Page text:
Interstitial Lung Disease (ILD)

Interstitial lung diseases (ILD) are a large and diverse group of lung diseases that have similar clinical and pathologic findings, and symptoms. In interstitial lung disease, the lung tissue where the oxygen passes into the blood stream is inflamed and/or scarred, affecting the lung’s ability to provide the body with necessary amounts of oxygen.

What causes Interstitial Lung Disease?

There are many causes for inflammation and scarring (fibrosis) of lung tissue. Underlying connective tissue or autoimmune diseases such as rheumatoid arthritis, scleroderma, or myositis can cause inflammation of lung tissue. Some forms of interstitial lung diseases have a genetic cause and run in families. Inhalation of certain proteins, especially from feathers and molds, can also cause inflammation. If inflammation is present in the lung for a long time, scarring of the lung can occur. One of the most common types of interstitial lung disease, called idiopathic pulmonary fibrosis (IPF), is associated with aging and results in scarring of the lung rather than inflammation.

How is Interstitial Lung Disease Diagnosed?

Doctor with patientBecause treatment depends on the specific ILD, an accurate diagnosis is extremely important. Diagnosis of ILD can be difficult and requires input from pulmonologists, radiologists, and in many cases, pathologists, experienced in the evaluation of patients with interstitial lung disease. A face-to-face discussion among experts in these different disciplines (a multidisciplinary case conference) is necessary to establish an accurate diagnosis.

In making a diagnosis of ILD, your doctor will conduct a thorough history (medical, environmental, occupational, and family history), as well as a physical examination, including listening to your chest with a stethoscope, and carefully examining your skin and joints.

In addition, the following tests may be ordered to help make an accurate diagnosis:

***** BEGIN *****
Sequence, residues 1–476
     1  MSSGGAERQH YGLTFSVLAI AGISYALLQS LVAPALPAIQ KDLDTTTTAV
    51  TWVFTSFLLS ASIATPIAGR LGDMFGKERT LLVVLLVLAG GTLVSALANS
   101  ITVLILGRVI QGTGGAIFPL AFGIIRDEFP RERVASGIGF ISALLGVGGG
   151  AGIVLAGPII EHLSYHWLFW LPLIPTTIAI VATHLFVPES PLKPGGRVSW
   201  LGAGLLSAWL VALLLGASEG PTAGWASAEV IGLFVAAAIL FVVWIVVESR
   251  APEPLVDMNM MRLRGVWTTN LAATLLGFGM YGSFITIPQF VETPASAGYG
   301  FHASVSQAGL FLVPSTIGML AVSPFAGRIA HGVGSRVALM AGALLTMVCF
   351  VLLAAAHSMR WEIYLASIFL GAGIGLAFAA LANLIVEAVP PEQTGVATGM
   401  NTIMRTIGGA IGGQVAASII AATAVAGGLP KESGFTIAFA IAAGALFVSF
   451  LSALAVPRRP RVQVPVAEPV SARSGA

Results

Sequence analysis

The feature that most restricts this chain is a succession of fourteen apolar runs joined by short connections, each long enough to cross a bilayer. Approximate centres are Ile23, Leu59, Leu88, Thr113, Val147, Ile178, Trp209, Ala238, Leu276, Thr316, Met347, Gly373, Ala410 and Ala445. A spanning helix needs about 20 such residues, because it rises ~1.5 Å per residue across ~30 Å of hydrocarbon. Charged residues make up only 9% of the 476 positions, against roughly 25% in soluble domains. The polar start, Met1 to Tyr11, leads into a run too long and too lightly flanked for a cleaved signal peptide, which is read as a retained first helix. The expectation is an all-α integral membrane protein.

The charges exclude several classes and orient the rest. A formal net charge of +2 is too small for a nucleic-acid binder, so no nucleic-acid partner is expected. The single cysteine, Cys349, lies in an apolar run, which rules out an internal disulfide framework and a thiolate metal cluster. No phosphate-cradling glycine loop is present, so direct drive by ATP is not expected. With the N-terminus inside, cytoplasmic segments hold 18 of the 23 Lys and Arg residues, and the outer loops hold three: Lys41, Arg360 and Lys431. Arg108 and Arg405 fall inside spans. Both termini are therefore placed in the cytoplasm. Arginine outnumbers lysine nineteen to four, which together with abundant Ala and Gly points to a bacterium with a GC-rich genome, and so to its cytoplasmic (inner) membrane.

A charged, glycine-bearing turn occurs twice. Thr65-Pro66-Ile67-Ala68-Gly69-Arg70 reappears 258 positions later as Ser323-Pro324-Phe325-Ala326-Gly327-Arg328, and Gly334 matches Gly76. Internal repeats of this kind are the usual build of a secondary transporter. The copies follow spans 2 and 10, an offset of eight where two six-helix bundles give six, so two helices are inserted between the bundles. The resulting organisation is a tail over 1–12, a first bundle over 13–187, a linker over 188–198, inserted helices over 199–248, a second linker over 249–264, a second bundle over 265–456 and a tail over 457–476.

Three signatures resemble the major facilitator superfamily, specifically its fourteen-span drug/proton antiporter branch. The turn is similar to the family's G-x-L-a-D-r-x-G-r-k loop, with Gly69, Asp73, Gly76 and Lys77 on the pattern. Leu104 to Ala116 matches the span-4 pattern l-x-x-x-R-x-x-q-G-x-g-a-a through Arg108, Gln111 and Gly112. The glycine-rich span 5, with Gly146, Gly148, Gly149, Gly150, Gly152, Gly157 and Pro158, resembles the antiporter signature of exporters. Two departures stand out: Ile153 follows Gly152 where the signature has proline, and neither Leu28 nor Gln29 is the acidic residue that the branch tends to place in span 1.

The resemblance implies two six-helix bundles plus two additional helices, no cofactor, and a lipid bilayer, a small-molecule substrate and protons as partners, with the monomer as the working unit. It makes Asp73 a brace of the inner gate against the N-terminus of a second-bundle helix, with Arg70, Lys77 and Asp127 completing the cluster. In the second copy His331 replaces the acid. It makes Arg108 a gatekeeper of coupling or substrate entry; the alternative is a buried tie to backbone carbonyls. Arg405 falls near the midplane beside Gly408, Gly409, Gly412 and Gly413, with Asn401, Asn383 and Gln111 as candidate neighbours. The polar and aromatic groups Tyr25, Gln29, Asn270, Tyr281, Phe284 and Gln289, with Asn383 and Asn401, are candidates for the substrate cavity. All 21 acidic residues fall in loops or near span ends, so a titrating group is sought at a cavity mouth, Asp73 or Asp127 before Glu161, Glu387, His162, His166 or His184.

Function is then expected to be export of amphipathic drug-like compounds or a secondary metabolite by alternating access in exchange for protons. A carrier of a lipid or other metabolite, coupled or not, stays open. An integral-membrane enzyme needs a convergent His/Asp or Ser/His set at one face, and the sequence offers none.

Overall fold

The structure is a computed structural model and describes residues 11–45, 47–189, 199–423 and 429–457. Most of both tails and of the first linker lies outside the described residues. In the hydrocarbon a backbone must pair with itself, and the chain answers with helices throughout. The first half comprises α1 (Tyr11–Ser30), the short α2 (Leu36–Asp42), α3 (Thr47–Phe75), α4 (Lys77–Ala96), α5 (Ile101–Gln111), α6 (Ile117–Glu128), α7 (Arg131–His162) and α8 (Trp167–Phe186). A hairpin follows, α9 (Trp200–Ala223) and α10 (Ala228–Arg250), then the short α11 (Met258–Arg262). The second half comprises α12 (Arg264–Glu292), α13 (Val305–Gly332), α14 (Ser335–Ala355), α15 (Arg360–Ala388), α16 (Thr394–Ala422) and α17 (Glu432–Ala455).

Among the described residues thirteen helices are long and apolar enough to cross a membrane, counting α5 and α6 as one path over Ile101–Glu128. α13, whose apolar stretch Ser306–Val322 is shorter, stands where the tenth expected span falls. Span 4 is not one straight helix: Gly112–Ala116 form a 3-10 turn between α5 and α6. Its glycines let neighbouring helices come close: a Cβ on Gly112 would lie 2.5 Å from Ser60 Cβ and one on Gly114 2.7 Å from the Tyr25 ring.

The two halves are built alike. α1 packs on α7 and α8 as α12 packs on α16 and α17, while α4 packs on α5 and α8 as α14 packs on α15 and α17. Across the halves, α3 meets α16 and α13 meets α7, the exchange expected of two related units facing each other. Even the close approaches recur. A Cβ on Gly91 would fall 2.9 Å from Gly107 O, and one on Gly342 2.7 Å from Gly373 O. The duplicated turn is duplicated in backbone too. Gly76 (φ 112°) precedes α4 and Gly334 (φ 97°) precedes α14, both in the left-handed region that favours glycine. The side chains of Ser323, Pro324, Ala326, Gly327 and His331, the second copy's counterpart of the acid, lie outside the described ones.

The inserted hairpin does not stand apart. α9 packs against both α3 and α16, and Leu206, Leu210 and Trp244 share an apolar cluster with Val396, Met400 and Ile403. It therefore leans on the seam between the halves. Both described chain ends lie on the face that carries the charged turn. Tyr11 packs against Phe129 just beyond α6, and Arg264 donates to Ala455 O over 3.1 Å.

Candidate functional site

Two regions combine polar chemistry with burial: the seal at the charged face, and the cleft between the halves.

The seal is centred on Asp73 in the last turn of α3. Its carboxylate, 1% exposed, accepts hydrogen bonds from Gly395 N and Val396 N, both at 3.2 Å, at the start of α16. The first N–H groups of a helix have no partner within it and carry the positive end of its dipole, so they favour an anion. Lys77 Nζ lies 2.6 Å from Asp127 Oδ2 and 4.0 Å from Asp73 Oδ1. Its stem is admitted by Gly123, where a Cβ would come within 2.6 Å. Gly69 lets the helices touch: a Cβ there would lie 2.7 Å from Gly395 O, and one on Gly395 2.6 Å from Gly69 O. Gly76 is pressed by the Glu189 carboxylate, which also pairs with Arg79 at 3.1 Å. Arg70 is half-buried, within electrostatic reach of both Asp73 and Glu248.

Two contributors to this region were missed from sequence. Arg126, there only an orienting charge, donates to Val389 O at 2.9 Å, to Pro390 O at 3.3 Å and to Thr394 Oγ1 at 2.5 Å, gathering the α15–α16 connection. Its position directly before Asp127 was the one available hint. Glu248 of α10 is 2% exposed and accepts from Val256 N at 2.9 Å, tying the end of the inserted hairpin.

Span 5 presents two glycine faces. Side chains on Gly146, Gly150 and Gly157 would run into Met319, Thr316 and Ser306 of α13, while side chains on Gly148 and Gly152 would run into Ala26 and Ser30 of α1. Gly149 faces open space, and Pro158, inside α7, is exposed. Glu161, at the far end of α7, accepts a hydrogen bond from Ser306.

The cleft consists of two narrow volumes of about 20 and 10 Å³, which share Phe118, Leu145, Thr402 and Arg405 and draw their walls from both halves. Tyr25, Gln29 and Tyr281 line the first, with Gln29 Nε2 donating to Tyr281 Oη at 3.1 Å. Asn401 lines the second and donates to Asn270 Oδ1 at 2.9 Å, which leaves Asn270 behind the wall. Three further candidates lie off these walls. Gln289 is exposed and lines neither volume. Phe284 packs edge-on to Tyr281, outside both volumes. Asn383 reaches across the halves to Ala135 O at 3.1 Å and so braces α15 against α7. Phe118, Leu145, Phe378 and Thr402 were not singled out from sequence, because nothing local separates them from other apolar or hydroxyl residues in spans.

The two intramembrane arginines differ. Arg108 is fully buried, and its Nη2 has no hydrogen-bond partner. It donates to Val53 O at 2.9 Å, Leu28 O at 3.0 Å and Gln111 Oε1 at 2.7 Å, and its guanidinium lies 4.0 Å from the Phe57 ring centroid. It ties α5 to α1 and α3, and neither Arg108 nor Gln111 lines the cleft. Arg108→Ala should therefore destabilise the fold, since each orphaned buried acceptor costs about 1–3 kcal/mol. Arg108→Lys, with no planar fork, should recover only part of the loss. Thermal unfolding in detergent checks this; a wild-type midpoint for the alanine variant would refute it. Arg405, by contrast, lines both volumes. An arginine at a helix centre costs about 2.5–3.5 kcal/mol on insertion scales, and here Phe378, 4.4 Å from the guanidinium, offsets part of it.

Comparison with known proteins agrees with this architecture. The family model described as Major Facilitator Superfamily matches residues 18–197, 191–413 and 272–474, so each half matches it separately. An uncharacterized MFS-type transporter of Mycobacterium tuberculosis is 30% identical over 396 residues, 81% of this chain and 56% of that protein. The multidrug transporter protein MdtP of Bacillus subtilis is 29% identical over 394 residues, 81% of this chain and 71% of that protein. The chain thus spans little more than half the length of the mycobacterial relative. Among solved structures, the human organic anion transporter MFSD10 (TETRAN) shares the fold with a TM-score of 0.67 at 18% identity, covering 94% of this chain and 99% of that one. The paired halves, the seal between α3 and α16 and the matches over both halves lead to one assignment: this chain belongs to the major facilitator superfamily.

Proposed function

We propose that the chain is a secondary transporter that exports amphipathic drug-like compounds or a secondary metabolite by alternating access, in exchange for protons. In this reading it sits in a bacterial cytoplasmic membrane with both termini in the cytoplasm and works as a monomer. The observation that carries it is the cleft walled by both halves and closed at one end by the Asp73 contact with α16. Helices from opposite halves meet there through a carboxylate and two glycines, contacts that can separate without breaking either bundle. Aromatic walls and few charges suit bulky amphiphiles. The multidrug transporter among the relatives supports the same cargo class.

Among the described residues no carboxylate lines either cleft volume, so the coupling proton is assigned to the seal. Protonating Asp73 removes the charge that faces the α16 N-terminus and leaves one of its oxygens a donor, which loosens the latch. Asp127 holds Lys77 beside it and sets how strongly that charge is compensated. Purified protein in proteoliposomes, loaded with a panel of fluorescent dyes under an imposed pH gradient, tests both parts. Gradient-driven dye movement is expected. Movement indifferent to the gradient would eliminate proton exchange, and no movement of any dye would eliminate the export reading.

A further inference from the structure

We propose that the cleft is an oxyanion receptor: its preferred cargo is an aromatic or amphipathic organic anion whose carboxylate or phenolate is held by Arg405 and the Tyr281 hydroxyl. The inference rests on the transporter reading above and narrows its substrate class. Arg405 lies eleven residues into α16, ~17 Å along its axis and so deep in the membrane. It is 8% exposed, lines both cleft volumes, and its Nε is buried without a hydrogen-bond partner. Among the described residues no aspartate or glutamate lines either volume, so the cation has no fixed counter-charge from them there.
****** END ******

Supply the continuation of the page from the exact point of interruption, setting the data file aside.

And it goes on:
• Pulmonary Function Testing (PFT).
  • 6 Minute Walk Test (6MWT).
  • High Resolution Computed Tomography (HRCT) of the chest.
  • Blood analysis for autoantibodies, which may suggest presence of a connective tissue disease.
  • Bronchoscopy with Bronchoalveolar lavage
  • Video-Assisted Thoracoscopic Surgical Lung Biopsy (VATS biopsy).


MEDICAL: As mentioned above, treatment depends on the type of interstitial lung disease. Anti-inflammatory or immunosuppressant medications may be recommended to reduce inflammation. It may be necessary to treat an underlying connective tissue disease or other contributory problem such as gastric reflux. If the ILD is thought to be due to an exposure to a protein, identification and removal of that antigen is essential. New antifibrotic therapies are available for for managing idiopathic pulmonary fibrosis. In addition we are involved in clinical trials testing novel treatments for pulmonary fibrosis.

EXERCISE: Most patients with interstitial lung disease benefit from engaging in a regular exercise program. This can be done independently or in a formal, structured, pulmonary rehabilitation program.

CLINICAL TRIALS: . Clinicians at UCSF are actively researching the causes and seeking to develop novel treatments for ILDs. Patients should discuss current opportunities with their doctor and consider participating in a clinical trial. For more information on clinical trials, please contact Alma Andrade.

ILD SUPPORT GROUP: Living Well with Interstitial Lung Disease: Patients with ILD meet at UCSF on a monthly basis to discuss personal experiences, and learn more about the causes and management of interstitial lung diseases. Contact Elida Oettel, LCSW for more information.


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